In This Article Expand or collapse the "in this article" section Indigenous Politics and Representation in Latin America

  • Introduction
  • Anthologies
  • Mexico
  • Brazil
  • The Caribbean

Political Science Indigenous Politics and Representation in Latin America
Miguel Centellas
  • LAST REVIEWED: 29 November 2018
  • LAST MODIFIED: 29 November 2018
  • DOI: 10.1093/obo/9780199756223-0253


There is surprisingly limited political science scholarship on indigenous political participation and representation in Latin America, per se. While research on Latin America’s indigenous peoples has experienced a boom in recent years—and has long been a staple among anthropologists and sociologists—most of that work takes a decidedly cultural, rather than institutional, approach. That is, there are relatively few works on “ethnic parties” (their electoral performance, their role in legislatures, etc.) of the kind familiar to those who study ethnic politics in India or Europe. Moreover, the existing literature is heavily concentrated in a handful of country cases. This presents a tremendous opportunity for future scholarship, as well as a challenge. The challenges derive primarily from the lack of data on many basic indicators of indigenous participation and representation beyond the aggregate level or from ethnographic studies. Another challenge comes from the thorny issue of how to address mestizaje (the centuries-old blending of European and indigenous cultures) which complicates racial and ethnic categories that drive most theories about “ethnic” politics. The fact that most Latin American countries have overwhelmingly mestizo majorities—and few have sizeable geographically concentrated indigenous communities—also complicate things. A key way in which political scientists have tended to study “ethnic” political participation and representation has been through the study of “ethnic” parties, which are rare in Latin America. Additionally, much of the scholarship on ethnic political mobilization has tended to focus on “successful” cases like Bolivia and Ecuador or cases with vibrant indigenous movements like Mexico or Guatemala, with few studies of ethnic or indigenous politics in other countries, especially countries with very small indigenous populations, such as Brazil or Argentina.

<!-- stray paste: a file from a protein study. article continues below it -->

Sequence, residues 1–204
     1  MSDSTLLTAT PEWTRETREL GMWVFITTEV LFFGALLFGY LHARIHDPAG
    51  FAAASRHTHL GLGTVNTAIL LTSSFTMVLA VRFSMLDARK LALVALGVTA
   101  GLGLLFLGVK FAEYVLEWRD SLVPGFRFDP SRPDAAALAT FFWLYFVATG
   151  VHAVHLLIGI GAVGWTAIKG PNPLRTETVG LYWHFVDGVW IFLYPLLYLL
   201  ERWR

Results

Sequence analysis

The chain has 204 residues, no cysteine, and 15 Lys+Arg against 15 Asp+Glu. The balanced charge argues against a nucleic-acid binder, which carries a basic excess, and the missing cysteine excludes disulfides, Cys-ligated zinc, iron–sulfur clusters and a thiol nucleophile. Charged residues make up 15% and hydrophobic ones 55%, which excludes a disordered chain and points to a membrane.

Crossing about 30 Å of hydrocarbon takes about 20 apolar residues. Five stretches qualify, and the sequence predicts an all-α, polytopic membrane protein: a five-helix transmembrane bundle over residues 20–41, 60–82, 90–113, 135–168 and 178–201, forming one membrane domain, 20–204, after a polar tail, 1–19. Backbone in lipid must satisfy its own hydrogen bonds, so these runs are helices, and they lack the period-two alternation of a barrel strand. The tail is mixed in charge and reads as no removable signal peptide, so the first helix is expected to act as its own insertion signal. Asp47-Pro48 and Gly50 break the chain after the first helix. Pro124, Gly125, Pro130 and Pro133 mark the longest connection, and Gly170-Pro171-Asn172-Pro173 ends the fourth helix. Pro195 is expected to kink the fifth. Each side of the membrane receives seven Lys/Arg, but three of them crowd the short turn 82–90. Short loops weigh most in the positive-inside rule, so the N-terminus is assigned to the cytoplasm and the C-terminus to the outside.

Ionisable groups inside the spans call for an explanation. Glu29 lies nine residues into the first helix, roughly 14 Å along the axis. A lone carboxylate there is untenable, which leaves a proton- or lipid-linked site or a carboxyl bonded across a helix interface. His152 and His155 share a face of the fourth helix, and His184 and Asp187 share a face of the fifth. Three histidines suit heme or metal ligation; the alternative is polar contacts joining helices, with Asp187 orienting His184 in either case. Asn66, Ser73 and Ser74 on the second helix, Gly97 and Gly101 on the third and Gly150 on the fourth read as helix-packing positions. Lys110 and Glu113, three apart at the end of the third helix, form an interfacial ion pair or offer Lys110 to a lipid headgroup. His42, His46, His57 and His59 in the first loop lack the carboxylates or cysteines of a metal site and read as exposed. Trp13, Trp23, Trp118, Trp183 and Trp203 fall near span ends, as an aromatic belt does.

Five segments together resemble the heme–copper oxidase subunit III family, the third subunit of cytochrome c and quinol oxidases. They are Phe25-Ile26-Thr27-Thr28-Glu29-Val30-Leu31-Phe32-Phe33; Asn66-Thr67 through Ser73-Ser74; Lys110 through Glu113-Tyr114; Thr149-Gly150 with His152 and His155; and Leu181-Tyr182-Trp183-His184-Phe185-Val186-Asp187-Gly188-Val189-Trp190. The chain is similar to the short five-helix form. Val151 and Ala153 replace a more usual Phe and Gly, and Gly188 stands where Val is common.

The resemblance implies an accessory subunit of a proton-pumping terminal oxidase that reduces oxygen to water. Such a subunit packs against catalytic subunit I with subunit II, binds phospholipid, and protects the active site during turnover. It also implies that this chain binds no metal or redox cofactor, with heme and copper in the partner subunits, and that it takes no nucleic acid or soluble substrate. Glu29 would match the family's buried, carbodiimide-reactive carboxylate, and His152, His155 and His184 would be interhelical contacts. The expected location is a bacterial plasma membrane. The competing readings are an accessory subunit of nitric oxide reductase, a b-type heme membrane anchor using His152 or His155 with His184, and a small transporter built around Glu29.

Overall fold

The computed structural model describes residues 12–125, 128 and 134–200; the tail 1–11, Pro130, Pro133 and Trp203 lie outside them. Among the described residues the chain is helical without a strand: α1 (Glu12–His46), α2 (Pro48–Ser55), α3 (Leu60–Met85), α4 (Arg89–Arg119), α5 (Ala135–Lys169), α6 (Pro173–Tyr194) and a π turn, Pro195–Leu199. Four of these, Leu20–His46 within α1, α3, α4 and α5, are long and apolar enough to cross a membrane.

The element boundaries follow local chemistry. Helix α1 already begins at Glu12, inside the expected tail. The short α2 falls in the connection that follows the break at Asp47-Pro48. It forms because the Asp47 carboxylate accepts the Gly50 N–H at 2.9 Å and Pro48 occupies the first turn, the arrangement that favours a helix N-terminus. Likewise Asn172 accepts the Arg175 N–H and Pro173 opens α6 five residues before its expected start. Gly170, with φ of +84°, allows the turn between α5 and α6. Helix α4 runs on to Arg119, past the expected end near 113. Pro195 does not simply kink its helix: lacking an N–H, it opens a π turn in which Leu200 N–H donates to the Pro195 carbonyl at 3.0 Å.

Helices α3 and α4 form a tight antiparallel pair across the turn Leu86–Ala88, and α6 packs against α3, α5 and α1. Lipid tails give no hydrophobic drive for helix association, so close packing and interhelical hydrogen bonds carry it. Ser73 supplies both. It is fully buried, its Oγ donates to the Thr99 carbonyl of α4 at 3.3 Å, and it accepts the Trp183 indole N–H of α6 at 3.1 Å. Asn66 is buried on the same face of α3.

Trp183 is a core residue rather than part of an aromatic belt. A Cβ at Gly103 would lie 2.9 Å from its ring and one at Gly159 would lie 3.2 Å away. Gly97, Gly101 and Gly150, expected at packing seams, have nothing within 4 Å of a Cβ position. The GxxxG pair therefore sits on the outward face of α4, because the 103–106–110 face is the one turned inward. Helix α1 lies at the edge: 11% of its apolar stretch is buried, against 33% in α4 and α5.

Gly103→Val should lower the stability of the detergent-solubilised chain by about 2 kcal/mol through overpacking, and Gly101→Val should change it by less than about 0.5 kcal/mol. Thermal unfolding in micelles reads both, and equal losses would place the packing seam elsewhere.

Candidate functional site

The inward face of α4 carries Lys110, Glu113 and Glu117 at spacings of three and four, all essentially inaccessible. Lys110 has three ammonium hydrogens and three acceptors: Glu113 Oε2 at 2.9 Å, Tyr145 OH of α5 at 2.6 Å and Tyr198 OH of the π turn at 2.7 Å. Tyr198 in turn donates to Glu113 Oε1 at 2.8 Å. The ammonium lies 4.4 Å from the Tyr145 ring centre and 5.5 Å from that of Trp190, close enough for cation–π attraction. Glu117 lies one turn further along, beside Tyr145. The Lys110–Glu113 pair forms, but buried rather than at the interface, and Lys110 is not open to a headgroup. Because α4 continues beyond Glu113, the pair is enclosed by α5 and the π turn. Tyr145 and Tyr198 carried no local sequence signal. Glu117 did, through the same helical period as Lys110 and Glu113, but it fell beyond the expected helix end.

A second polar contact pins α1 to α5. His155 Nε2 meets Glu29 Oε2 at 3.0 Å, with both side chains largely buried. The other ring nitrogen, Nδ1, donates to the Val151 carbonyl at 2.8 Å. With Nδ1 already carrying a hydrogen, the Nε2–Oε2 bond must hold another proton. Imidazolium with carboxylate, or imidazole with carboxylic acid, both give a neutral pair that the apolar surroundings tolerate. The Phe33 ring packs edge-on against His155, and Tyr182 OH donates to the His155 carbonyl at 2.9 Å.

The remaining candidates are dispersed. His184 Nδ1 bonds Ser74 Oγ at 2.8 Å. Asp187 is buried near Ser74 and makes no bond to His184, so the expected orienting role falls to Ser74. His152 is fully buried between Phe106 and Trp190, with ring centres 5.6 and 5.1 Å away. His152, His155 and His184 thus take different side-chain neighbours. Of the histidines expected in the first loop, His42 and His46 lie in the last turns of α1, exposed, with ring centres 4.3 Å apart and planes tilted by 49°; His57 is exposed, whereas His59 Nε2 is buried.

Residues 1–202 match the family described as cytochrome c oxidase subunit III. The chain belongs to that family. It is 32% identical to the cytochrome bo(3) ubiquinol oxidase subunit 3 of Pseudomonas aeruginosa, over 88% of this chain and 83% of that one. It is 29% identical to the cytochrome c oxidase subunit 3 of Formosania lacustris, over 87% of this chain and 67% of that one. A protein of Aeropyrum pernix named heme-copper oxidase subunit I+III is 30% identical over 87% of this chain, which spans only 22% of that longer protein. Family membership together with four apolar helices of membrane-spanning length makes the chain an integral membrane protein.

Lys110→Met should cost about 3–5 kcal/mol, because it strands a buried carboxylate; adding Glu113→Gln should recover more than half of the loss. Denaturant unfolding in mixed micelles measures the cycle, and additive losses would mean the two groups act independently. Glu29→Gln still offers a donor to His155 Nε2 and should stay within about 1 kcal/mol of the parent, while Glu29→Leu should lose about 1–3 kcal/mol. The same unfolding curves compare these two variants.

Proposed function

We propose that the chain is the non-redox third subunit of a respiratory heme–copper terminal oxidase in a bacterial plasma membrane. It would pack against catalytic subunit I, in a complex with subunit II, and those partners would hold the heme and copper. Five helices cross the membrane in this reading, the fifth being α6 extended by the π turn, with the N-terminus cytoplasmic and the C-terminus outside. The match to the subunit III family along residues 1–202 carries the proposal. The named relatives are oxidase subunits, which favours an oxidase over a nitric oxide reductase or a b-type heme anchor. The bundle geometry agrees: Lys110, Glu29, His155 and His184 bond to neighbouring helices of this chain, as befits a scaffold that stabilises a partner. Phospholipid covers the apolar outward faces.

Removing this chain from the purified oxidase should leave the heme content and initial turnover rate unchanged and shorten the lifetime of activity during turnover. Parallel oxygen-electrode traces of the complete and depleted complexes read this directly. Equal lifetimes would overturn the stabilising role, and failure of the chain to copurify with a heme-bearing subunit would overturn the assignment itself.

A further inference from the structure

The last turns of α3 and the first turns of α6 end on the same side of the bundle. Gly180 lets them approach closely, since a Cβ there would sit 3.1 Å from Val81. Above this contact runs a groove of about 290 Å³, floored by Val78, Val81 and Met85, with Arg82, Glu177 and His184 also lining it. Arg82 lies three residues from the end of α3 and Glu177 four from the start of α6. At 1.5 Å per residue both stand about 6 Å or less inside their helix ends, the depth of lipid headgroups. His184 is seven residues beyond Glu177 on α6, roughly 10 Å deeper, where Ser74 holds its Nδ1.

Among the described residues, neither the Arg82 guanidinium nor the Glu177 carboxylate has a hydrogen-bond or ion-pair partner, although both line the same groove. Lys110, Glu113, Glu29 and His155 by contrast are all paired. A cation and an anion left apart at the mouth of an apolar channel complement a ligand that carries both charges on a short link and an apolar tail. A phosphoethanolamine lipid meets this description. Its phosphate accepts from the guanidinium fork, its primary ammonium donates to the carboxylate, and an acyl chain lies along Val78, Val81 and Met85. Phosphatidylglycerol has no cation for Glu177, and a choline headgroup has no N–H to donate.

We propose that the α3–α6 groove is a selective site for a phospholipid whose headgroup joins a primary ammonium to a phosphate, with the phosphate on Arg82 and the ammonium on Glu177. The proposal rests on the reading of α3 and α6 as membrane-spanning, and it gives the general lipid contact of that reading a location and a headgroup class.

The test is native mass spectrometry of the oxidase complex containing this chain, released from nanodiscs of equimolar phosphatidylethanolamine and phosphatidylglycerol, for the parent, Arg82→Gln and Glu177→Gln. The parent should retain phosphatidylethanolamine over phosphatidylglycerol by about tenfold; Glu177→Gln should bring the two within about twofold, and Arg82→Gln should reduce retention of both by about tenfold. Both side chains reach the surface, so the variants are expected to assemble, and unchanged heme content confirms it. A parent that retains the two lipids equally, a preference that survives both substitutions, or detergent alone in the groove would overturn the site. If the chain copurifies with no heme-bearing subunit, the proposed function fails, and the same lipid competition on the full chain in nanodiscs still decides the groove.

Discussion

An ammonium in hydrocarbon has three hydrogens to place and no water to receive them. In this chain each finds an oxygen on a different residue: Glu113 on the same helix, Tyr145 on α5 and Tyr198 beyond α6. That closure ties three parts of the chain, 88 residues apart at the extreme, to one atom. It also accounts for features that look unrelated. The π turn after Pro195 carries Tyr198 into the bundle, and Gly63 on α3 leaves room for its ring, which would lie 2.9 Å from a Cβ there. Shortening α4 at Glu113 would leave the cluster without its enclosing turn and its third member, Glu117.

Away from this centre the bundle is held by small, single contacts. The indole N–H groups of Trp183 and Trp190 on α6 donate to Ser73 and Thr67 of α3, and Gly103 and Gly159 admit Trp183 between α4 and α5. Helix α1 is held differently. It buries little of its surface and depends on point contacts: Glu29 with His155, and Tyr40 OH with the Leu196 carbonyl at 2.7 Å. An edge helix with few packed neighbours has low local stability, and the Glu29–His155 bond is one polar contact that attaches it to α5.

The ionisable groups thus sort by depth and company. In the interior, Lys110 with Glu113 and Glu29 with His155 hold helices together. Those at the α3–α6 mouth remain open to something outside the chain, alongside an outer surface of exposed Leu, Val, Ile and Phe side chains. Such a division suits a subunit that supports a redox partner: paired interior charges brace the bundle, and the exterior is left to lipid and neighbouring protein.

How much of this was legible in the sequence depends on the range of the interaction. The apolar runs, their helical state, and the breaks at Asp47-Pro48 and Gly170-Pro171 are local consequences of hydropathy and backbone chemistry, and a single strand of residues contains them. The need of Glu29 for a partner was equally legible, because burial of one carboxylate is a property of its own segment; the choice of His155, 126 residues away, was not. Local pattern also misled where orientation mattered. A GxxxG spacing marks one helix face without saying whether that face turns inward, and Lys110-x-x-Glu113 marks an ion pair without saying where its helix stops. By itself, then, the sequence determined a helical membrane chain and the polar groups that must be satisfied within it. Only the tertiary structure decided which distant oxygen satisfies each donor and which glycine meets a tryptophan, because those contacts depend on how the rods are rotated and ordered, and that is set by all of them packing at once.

General Overviews

There has been growing attention to the role of indigenous people in Latin American politics. Although much of the scholarship tends to focus on a handful of standout cases, scholarship that takes a comparative perspective has been strong. Two excellent general overviews of the increasing presence of indigenous peoples in politics are Van Cott 2010 and Rice 2015. Kicza 1999 provides a good anthology that provides context for understanding indigeneity in Latin America.

  • Kicza, John E., ed. The Indian in Latin American History: Resistance, Resilience, and Acculturation. Wilmington, DE: SR Books, 1999.

    Anthology providing a broad, interdisciplinary introduction to the historical and cultural context of indigeneity in Latin America since the colonial period.

  • Rice, Roberta. “Indigenous Mobilization and Democracy in Latin America.” In Latin American Democracy: Emerging Reality or Endangered Species? Edited by Richard L. Millet, Jennifer S. Holmes, and Orlando J. Pérez. New York: Routledge, 2015.

    Chapter-length general overview of indigenous political mobilization in Latin America, focusing on how indigenous peoples interact with the political party system in various countries. Rice concludes that indigenous political mobilization is a positive contribution to democracy in the region.

  • Van Cott, Donna Lee. “Indigenous Peoples’ Politics in Latin America.” Annual Review of Political Science 13 (2010): 385–405.

    DOI: 10.1146/annurev.polisci.032708.133003

    Excellent article-length summary of the state of research on indigenous peoples in Latin America by the pre-eminent scholar on the subject of her generation. Van Cott ends with recommendation to increase the discipline’s scope beyond the “successful” cases to studies of cases with smaller, more marginal indigenous peoples, as well as to better integrate the studies of indigenous, Afro-Latin, and gender politics.

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